Then you have your certain sales metrics and operations metrics that you need to be able to see to identify what’s going on to help you manage the business on a day-to-day basis. You want reports that help you manage the business and not just keep score. I used to have reports early on, but all it was was I’d look at how much money we did last month. I’m like, “Ugh, great, cool.” Right? Look how much money is in the bank. I’m like, “Okay, great.” After we paid the bills there’s money left over, and that was my reports for the first seven years of being in business, and it wasn’t until the threat of the recession came that it really opened my eyes to what needed to be more of like stepping into that moving CEO mindset. What I need to be focused on daily and what’s going to help me manage my business? Because when you know your numbers, the overwhelm goes away, the stress goes away. You know where to start creating your action plan, right? Where the areas of opportunity are, where the areas of weakness are and concern, and what you could start chipping away at.

So I would say for sales definitely you need to be looking at your booking percentage per moving consultant, right? Booking percentage per moving consultant, meaning we talked about raising the booking percentage by 5% and we saw how that can from 150 to a million dollars a year extra in revenue.

Well, if you look at your sales team, let’s say you have several moving consultants, what we call them, or sales reps, and you look at okay, how many leads they receive versus how many jobs do they book, you’ll see that they’ll be people that are five, seven, 10%, 12% higher than other people, right? So it’s like okay, it’s possible. How do we get them to book at that rate, right? So there’s more that goes into that with managing your sales team, but you want to be looking at your booking percentage per sales rep. How many leads do they receive versus how many they booked.

Chris:
That’s how you get the true picture.

Louis Massaro:
That’s how you know how each of them are performing individually.

Chris:
Yeah.

Louis Massaro:
Right? Because again, you look at your marketing sources individually. How is this one performing? How is that one performing? How is this one performing? How is that one performing? And you make adjustments accordingly, you do the same thing with your sales team. How is this person performing? How is that person performing, right? And how do I improve that? You could go and work with them, and coach them, and do a process that I train on called enhancement training, where you basically take your current team and make them better, right? But if you’re looking at their numbers individually, you know where to focus. You know where maybe you’ve given somebody too much time and it’s time for them to go, they’re not making it anymore because they’re pulling your overall booking percentage down.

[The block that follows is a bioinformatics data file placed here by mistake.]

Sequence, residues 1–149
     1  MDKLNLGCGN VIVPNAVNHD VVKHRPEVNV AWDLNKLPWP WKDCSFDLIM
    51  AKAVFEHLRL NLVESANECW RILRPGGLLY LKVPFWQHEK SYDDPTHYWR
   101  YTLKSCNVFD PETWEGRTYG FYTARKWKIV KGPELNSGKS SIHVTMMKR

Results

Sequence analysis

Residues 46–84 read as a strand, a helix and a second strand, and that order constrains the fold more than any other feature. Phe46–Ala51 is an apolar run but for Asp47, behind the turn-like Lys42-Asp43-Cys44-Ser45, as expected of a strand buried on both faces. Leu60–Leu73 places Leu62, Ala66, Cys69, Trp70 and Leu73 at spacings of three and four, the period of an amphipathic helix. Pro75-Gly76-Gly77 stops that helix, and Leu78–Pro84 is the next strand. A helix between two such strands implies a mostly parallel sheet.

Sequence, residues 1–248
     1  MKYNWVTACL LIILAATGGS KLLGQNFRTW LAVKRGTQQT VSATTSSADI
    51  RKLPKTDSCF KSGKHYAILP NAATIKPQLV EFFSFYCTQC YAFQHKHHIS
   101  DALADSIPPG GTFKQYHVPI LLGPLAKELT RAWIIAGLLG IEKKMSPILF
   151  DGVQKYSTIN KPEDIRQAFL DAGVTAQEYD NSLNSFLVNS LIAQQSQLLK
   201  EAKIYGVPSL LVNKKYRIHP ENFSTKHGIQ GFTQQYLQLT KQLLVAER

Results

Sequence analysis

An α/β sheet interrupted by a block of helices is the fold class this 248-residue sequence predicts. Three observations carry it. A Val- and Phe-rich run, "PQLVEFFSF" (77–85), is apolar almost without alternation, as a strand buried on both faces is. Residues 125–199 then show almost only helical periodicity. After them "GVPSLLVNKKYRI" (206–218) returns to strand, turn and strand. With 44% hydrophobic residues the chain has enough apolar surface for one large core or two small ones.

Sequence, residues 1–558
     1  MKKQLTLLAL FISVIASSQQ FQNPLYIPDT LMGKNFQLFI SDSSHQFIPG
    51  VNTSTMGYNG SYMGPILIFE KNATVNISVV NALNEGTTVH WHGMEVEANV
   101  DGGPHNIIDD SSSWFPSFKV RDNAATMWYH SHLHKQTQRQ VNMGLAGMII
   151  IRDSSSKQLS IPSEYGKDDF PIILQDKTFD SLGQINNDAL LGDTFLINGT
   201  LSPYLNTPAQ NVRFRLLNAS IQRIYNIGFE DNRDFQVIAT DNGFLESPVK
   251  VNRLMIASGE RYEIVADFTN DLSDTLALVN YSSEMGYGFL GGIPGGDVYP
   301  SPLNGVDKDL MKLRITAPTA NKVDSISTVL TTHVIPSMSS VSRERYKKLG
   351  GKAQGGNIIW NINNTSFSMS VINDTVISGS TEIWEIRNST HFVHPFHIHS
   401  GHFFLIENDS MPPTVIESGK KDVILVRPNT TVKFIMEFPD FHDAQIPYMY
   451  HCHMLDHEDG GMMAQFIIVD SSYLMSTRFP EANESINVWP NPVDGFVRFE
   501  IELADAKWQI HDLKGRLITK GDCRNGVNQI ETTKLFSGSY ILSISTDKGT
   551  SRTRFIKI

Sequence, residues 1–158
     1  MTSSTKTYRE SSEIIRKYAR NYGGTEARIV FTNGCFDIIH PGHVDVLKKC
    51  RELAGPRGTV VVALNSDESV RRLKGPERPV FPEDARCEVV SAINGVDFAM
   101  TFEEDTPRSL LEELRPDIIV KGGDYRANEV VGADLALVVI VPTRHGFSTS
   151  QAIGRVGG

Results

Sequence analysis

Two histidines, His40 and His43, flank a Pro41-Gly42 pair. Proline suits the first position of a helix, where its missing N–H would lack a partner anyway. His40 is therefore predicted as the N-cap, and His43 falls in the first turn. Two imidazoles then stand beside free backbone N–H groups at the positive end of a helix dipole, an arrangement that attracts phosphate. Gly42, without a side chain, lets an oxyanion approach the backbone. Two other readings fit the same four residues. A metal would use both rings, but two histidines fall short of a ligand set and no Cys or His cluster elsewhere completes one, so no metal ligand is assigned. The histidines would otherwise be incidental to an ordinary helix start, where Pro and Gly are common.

Chris:
Yeah, that would be some helpful information to know.

Louis Massaro:
Yeah. Then operations, something that you’ve got to look at every week is your mover payroll percentage. How much did you pay out in labor versus the amount of money you made? This is a huge profit killer for a lot of people. It shows that compared to the amount of money that they’re bringing in on a move, they’re paying out too much in labor to movers, and it’s not because they’re paying their movers too much, right? Sometimes that’s the case, but most times it’s because they’re not charging enough for the move.

Chris:
Are you looking at this per job or?

Louis Massaro:
What I would do is on a weekly basis, right? Because you could get real carried away with reports, and you could start drilling into all kinds of stuff, and that’s the beauty of reporting, is that if you started at a higher level and you need to see more data and more information, you could always drill down. But here’s how you run this report, is you basically take your pay period for the week, right? Let’s just say it’s Sunday to Saturday, whatever your pay period is. You take all the moves that were done in that pay period. What’s the revenue? Let’s say the revenue was $100,000, okay? In that week you did $100,000. How much was your payroll for that same period, right? So whatever you paid for those moves, that same period of time, how much did you pay out in payroll? Did you pay 25,000 out in payroll? Okay, if that’s the case … Payroll to your movers, not payroll to your office staff, not payroll to your sales people, just movers pay.

Chris:
Oh, okay.

Louis Massaro:
So now you’ve got instead of doing on each individual job, which you can drill that down if you want, you take the week. How much did we get and how much did we pay for movers? You’ll have your percentage and you want to use that as your benchmark, right? By monitoring that number, you’re going to be able to see right away if it jumps. I don’t know, let’s say your number is 30%, right? Let’s just pick a number. All of a sudden one week it jumps to 35%, and then maybe you start seeing it go up even more. Why is it going up? The only reason it’s going to go up is that your guys are getting paid more, which means your price is either going down, meaning you’re giving away too many discounts, or your labor cost is going up. Maybe you’re giving away too much overtime, you have too many guys doing overtime. Maybe it happens, it happened to me, I caught a dispatcher in one of my locations that had a little deal going with the movers where he was giving them extra hours and then getting a kickback from them, right?